Air strike in Sana'a 11.5.2015 (c) Ibrahem Qasim, CC 4.0

Air strike in Sana’a 11.5.2015 (c) Ibrahem Qasim, CC 4.0

Anwar Gargash, the UAE Minister of State for Foreign Affairs, was quoted in mid-June saying that the war was “practically over” and that the UAE would now focus on counter terrorist operations and restoring the economy. It was given greater credence when Shaikh Muhamad bin Zayed, the Abu Dhabi deputy crown prince, tweeted the remark. Reacting to the inevitable furore, Gargash, who is close to UAE leaders, claimed he had been taken out of context and reminded the world that the UAE was committed to restoring President Hadi’s government and containing Iranian influence. This has not stopped speculation about possible differences between the Saudi and UAE leaders over the conduct of the war. The UAE, which has focused on the south, has won plaudits in Yemen and abroad for its military campaign and the success of its recent moves against AQAP in Mukalla. The Saudis have clearly struggled in the much more difficult and populous north. We believe that any differences between Riyadh and Abu Dhabi are relatively minor and that the relationship between Muhammad bin Zayed and Prince Muhammad bin Salman, the main Saudi architect of the war, remains strong and they work closely on Yemen.

What Gargash has exposed is the growing impatience in the GCC over the commitment of Yemen leaders to negotiations. A realisation that the fighting is unlikely to result in a clear victory has induced war weariness. Riyadh would like to devote more attention to Syria and to the huge task of implementing the recently announced plan to transform the Saudi economy.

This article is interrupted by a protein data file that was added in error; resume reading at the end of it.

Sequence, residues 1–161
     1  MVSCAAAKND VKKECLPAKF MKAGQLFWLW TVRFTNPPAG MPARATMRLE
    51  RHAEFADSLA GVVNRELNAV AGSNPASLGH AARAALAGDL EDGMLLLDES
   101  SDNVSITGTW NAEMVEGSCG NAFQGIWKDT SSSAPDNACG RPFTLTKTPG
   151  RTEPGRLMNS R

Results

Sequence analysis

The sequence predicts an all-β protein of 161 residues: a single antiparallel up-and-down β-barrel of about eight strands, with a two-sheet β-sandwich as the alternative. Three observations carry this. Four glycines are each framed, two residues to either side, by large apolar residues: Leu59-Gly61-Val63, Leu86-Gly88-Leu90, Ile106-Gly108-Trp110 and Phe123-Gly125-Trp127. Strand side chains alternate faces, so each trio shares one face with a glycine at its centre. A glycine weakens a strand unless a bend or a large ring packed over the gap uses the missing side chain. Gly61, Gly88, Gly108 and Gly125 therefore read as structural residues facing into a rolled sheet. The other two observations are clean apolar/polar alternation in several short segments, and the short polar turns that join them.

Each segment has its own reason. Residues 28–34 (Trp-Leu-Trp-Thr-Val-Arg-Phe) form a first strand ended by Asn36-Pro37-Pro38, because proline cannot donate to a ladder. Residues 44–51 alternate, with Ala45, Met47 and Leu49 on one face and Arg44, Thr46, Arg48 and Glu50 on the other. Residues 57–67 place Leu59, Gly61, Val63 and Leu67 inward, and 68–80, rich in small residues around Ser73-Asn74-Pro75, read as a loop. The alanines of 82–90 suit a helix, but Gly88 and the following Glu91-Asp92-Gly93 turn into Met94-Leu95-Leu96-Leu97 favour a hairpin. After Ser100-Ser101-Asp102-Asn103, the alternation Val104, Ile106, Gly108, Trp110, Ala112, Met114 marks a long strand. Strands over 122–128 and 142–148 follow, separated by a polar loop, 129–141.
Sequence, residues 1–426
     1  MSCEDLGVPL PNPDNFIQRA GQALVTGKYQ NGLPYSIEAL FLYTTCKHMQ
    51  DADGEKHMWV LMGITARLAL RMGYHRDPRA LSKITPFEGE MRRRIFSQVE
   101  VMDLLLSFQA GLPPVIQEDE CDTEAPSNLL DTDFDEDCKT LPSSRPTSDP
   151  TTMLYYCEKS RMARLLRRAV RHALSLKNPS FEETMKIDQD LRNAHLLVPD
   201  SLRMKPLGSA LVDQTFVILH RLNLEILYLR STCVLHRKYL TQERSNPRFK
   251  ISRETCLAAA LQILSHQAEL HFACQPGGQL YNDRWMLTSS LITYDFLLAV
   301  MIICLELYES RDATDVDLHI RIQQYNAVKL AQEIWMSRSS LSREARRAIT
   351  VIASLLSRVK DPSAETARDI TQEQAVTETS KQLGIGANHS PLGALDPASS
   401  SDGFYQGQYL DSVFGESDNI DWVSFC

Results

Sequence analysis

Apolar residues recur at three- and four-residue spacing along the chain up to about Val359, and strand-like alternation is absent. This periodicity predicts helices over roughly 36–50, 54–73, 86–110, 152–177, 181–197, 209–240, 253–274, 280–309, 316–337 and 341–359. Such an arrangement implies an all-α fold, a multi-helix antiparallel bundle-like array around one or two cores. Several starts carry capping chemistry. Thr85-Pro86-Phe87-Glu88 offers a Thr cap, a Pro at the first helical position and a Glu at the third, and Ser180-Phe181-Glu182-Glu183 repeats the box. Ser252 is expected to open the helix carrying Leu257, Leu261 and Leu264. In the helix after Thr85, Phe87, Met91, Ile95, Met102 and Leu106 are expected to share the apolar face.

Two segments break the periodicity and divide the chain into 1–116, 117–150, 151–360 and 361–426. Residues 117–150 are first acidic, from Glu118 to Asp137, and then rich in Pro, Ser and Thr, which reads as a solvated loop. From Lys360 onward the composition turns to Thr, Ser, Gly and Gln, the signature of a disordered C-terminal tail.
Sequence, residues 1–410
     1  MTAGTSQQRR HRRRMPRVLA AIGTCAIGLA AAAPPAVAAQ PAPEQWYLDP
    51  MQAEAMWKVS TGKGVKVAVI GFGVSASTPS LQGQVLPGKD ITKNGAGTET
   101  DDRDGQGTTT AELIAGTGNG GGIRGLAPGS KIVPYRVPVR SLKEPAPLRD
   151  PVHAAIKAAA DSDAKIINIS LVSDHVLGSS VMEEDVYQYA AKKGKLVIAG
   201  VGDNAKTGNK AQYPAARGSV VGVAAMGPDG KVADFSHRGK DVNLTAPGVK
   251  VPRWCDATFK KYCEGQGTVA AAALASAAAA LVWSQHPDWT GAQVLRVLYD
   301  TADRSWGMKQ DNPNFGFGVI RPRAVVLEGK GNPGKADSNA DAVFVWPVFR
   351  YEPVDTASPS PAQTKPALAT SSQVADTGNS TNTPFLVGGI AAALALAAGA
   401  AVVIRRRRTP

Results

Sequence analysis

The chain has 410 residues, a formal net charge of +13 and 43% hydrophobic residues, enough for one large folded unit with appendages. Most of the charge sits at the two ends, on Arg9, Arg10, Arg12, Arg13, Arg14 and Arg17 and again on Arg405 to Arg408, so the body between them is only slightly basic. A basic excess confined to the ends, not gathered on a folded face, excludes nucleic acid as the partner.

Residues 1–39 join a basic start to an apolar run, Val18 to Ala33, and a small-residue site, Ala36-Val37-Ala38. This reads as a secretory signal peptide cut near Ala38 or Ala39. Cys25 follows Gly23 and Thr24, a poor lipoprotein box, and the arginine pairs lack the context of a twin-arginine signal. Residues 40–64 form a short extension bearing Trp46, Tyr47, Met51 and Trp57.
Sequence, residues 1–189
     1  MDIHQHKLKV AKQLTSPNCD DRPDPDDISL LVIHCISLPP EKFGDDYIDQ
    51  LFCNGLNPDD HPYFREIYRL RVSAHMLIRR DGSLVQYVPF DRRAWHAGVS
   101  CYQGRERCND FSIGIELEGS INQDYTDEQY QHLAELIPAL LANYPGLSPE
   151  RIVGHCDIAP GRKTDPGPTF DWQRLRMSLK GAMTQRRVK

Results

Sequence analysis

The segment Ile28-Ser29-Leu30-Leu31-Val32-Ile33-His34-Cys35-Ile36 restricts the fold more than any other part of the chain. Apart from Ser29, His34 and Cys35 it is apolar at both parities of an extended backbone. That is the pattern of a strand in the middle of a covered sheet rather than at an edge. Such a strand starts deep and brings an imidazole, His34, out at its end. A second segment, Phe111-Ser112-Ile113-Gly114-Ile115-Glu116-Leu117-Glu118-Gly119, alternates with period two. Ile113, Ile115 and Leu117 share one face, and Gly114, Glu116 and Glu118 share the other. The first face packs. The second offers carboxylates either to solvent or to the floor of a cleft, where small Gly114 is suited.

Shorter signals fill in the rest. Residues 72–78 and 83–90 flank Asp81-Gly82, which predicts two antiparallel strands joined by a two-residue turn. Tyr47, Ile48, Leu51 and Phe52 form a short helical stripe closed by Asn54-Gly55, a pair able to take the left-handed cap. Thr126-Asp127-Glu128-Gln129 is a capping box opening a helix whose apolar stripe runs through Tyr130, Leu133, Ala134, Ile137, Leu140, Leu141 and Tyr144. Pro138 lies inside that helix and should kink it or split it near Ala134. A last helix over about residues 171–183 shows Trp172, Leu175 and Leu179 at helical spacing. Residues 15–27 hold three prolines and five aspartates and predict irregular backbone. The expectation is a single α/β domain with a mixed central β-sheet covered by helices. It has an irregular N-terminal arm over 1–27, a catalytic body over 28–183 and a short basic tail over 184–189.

Western governments also want the war to end as has been shown by the criticism in parliament and the media of the UK government’s support for the coalition. UN and western officials have been going into contortions over Saudi reaction to a move by the UN to add the Saudi-led coalition to a blacklist of armed groups who violate the rights of children in its annual report on children and armed conflict. It asserted that the coalition is responsible for 60 percent of child casualties in the current conflict in Yemen. Riyadh took strong exception to this and mobilised its international friends by putting pressure on the UN to remove its name. A clearly reluctant Ban Ki-Moon agreed to do so but made sure they knew that he was acting under an intolerable level of pressure. The problem was compounded when the Saudis demanded to know the sources of the UN’s information. This may have been raised when Prince Muhammad bin Salman met Ban Ki-Moon and President Obama in mid-June.

 

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